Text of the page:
2015 Season Preview: An 11W Roundtable

By Tim Shoemaker on August 28, 2015 at 1:05 pm
Ohio State Football 2015 Season Preview

It's hard to believe, but we're just 10 days away from Ohio State's season opener for the 2015 season. The Buckeyes are heavy favorites to repeat as national champions and the first team in their way is the lone one that beat them a year ago: Virginia Tech.

But before you get too excited for that one, though, we've come up with 11 burning questions about this 2015 season. The best way to answer them? Well, that, of course, would be in a roundtable format with answers by the staff of Eleven Warriors.


What are your realistic expectations for Braxton Miller at his new position this season?

Mike: I'm trying to temper my expectations for Braxton because of how difficult the transition is. Plenty of guys have switched from quarterback to wide receiver before, but I'm not sure any have done it successfully within a month. He didn't have spring practice to work on it and he hasn't been completely healthy in fall camp. I expect the offense to complete some easy passes and get him the ball in open space a few times per game, but anything else is a stretch, I think, at this point. 

Kyle: I think he'll be heavily involved in the run game as a threat on the edges, and by motioning into the backfield. Depending on how comfortable he becomes catching the ball, I can see him playing a big part in the screen game, as well. Any expectations of immediately making an impact as a downfield receiving threat seem unrealistic at this point, though.

Birm: When you’re dealing with a guy like Braxton, if he’s healthy, then the only expectation that is realistic is for him to do something borderline unbelievable. He’s the premier athlete in the Big Ten and maybe the country and if he can learn the offensive system and handle the physical impact, I’d expect 25-30 catches, 750+ total yards and 7-8 touchdowns. I think he’s a guy that should get 10-12 touches a game. 

Who is the one player Ohio State can least afford to lose this year?

Ramzy: Taylor Decker. I don't want to be callous about injuries, but Ohio State could lose a receiver, running back or quarterback and would have another extremely capable guy or three anxious to make his mark. Decker is the glue, the anchor and the mentor for the guys coming up behind him. They’re not all there yet. The leadership hit would be enormous.

Taylor Decker lines up vs. Oregon

Vico: Interesting question. I'm inclined to answer Joey Bosa. Ohio State will be without him for the season-opener, but extended absences against other opponents in league play compromises the rest of the defensive line and puts the linebackers in a more difficult spot. Five-star, consensus-All-American, early-first-round NFL draft picks are not exactly a dime a dozen.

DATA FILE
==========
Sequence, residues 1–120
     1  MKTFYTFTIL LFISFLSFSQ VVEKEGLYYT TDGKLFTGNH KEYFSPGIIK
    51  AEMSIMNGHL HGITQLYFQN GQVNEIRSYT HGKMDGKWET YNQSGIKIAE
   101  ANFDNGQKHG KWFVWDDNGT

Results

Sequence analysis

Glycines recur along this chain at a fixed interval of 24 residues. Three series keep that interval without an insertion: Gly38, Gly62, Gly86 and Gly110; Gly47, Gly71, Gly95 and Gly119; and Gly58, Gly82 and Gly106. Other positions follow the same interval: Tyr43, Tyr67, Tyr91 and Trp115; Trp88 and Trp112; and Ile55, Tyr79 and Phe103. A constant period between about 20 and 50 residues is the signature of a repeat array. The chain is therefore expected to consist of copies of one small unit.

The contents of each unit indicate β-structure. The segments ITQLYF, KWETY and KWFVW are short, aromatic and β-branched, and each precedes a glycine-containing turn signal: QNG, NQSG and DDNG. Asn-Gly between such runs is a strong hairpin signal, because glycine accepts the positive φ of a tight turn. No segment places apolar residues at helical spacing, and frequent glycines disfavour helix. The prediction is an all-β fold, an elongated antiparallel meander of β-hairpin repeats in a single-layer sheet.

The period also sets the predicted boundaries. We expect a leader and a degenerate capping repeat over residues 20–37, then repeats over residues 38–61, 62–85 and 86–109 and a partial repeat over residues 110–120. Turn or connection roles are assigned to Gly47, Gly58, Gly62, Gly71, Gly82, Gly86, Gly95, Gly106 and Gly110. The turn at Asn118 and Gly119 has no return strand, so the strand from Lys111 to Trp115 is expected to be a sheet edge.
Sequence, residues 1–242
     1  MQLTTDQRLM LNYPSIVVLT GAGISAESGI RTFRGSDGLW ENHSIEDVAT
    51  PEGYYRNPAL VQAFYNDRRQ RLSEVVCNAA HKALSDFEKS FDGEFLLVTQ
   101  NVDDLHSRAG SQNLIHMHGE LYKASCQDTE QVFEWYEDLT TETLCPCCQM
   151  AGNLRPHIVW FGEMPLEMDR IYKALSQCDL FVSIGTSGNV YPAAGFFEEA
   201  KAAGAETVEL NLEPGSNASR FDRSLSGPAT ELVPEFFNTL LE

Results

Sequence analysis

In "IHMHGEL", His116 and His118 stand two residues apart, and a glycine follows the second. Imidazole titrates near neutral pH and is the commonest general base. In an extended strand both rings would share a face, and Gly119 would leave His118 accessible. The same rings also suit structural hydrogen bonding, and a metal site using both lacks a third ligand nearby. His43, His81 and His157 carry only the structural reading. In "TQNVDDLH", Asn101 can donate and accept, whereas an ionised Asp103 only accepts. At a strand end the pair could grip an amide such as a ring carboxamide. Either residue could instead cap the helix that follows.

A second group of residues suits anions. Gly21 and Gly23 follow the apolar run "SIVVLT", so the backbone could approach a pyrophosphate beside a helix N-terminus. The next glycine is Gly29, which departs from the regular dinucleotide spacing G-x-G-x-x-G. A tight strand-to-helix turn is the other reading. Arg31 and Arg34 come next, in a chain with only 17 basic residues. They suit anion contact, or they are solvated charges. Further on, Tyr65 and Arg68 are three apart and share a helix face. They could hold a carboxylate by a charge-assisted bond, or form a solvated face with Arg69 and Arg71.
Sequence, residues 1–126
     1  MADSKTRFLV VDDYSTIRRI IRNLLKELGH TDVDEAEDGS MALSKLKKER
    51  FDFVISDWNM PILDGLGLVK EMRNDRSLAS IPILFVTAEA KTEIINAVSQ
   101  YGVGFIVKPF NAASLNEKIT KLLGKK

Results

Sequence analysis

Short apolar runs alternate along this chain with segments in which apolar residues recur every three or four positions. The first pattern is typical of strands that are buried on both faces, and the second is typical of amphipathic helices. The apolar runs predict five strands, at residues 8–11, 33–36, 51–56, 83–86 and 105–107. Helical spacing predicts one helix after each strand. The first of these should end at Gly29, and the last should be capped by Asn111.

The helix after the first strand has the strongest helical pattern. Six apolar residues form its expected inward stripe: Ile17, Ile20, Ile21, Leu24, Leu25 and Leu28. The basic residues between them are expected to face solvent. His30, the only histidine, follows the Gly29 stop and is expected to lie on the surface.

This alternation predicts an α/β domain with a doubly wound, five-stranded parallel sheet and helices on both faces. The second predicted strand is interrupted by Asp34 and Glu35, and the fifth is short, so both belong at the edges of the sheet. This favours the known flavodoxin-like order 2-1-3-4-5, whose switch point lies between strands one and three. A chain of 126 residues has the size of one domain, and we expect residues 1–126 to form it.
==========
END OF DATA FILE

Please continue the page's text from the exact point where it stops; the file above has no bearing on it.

Johnny: Losing Ezekiel Elliott would mean losing the linchpin of what makes the Ohio State offense so dangerous. It's one thing to account for a wide-open passing/option attack, it's another thing entirely to account for a wide-open passing/option attack with a bruising running back who can make you pay for worrying too much about skill players on the edge. The inside/outside nature of the Ohio State offense means it's incredibly hard to defend, and losing Zeke would take a lot of that away.

Who is the one player from the 2014 team that will be missed the most on this year's team?

Eric: The loss of Michael Bennett is bigger than I think a lot of people realize. I almost went with Doran or Curtis Grant in this answer, but have faith in Gareon Conley and Raekwon McMillan. The other interior defensive linemen? Not so much. Plus, Bennett was the unquestioned leader of the unit and really took his game to the next level late in the season when it mattered most. His impact will be sorely missed.

Michael: Doran Grant gets my vote here. Having a leader at the cornerback position who can play at a high level and effectively cut the field in half is invaluable. Ohio State has all kinds of talent in the defensive backfield, but it lacks experience and most players (even Grant himself) go through an adjustment period in their first year as a starter. Obviously Michael Bennett is another guy who will be missed.

Mike: Devin Smith, purely because I'm not entirely sure anyone can be the same type of vertical threat. I'm hoping Michael Thomas or Johnnie Dixon can be that guy, but Smith led the country in average yards per reception. I don't see anyone repeating that feat. That's OK, the run game will open up some big plays vertically. I just don't think it will be as consistently available as when Smith was around.